This guideline covers recognising and responding to abuse and neglect in children and young people aged under 18. It covers physical, sexual and emotional abuse, and neglect. The guideline aims to help anyone whose work brings them into contact with children and young people to spot signs of abuse and neglect and to know how to respond. It also supports practitioners who carry out assessments and provide early help and interventions to children, young people, parents and carers.
Clinical features of abuse and neglect (including physical injury) are covered in NICE’s guideline on child maltreatment. Recommendations relevant to both health and social care practitioners appear in both guidelines.
This guideline includes recommendations on:
- principles for working with children, young people, parents and carers
- factors that increase vulnerability to child abuse and neglect
- recognising child abuse and neglect
- assessing risk and need
- early help for families showing possible signs of child abuse or neglect
- multi-agency response to child abuse and neglect
- therapeutic interventions for children, young people and families after child abuse and neglect
- planning and delivering services
Who is it for?
All practitioners whose work brings them into contact with children and young people, including those in early years, social care, health (including staff in A&E and health drop-in settings), education (including schools), the police, the voluntary and community sector, youth justice services and adult services (sections 1.1 to 1.3 only)
Practitioners with specific roles in assessing risk and need, providing early help and interventions to children, young people, parents and carers
Commissioners and managers of services for children and young people
Guideline development process
The recommendations in this guideline represent the view of NICE, arrived at after careful consideration of the evidence available. When exercising their judgement, professionals and practitioners are expected to take this guideline fully into account, alongside the individual needs, preferences and values of their patients or the people using their service. It is not mandatory to apply the recommendations, and the guideline does not override the responsibility to make decisions appropriate to the circumstances of the individual, in consultation with them and their families and carers or guardian.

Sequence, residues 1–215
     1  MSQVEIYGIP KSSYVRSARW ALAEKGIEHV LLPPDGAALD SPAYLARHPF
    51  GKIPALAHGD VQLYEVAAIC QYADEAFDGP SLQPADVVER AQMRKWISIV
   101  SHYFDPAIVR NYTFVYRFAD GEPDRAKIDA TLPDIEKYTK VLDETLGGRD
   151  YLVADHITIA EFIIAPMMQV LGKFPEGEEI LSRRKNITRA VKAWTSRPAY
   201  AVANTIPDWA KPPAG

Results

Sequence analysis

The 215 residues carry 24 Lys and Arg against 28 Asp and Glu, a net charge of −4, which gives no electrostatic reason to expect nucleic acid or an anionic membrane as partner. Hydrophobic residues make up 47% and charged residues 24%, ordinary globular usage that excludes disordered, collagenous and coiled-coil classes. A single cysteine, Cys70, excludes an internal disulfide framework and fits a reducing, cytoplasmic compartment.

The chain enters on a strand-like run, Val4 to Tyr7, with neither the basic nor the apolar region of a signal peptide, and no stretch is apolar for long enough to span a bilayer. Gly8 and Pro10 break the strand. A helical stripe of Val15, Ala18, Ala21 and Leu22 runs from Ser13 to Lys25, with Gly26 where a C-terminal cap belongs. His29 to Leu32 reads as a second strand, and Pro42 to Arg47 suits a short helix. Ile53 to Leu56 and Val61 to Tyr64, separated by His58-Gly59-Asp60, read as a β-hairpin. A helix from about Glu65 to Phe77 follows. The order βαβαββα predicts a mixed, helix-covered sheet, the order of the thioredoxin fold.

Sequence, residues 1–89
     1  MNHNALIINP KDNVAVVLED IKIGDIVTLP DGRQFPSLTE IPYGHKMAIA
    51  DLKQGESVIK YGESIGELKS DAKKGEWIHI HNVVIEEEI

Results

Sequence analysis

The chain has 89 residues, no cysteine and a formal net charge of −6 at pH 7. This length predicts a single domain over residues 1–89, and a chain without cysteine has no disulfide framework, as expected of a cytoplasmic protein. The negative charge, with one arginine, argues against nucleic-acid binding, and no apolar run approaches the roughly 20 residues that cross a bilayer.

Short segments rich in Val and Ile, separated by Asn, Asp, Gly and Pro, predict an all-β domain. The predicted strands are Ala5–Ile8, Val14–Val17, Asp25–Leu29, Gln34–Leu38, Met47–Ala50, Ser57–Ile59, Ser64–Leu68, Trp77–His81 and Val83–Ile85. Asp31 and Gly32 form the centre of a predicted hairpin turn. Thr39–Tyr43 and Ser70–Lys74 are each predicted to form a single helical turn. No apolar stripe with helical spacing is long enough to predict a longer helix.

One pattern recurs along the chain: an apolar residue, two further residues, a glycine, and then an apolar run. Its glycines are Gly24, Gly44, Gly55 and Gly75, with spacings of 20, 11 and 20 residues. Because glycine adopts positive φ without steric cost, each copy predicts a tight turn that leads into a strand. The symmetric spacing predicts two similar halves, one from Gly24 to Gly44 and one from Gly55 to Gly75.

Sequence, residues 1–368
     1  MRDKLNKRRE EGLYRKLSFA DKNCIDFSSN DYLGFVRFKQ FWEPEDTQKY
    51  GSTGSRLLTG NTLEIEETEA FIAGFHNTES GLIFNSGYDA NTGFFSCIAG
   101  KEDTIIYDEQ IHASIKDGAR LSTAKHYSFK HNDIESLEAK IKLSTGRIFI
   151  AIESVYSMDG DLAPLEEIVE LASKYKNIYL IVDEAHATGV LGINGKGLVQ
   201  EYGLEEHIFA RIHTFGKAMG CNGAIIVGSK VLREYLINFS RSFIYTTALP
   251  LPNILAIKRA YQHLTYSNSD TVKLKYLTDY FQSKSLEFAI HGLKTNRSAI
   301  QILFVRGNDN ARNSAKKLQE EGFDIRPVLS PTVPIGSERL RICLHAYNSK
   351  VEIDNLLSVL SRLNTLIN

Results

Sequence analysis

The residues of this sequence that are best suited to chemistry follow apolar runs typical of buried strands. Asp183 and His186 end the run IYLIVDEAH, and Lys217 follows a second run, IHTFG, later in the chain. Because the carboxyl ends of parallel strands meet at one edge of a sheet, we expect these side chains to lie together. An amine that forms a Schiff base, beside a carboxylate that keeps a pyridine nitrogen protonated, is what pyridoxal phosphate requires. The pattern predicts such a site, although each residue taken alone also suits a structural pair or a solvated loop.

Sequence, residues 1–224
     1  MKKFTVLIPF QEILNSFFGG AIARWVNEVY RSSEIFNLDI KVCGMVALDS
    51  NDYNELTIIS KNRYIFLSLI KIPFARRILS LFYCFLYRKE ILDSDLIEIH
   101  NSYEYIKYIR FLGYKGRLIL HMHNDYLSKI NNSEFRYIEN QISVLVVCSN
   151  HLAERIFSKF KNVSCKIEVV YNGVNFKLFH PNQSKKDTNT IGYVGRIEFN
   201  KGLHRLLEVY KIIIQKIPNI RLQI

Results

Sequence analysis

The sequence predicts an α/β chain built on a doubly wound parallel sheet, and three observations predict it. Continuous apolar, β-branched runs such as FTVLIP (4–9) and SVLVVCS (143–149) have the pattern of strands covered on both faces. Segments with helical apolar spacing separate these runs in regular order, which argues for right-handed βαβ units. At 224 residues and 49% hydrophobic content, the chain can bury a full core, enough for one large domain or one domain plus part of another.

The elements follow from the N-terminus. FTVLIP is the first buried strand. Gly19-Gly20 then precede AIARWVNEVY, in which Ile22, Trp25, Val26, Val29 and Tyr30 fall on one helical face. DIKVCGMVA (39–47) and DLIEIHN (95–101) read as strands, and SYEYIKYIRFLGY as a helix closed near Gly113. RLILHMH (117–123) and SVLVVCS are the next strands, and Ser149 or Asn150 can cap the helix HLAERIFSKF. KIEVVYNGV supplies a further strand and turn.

All problems (adverse events) related to a medicine or medical device used for treatment or in a procedure should be reported to the Medicines and Healthcare products Regulatory Agency using the Yellow Card Scheme.
Local commissioners and providers of healthcare have a responsibility to enable the guideline to be applied when individual professionals and people using services wish to use it. They should do so in the context of local and national priorities for funding and developing services, and in light of their duties to have due regard to the need to eliminate unlawful discrimination, to advance equality of opportunity and to reduce health inequalities. Nothing in this guideline should be interpreted in a way that would be inconsistent with complying with those duties.
Commissioners and providers have a responsibility to promote an environmentally sustainable health and care system and should assess and reduce the environmental impact of implementing NICE recommendations wherever possible.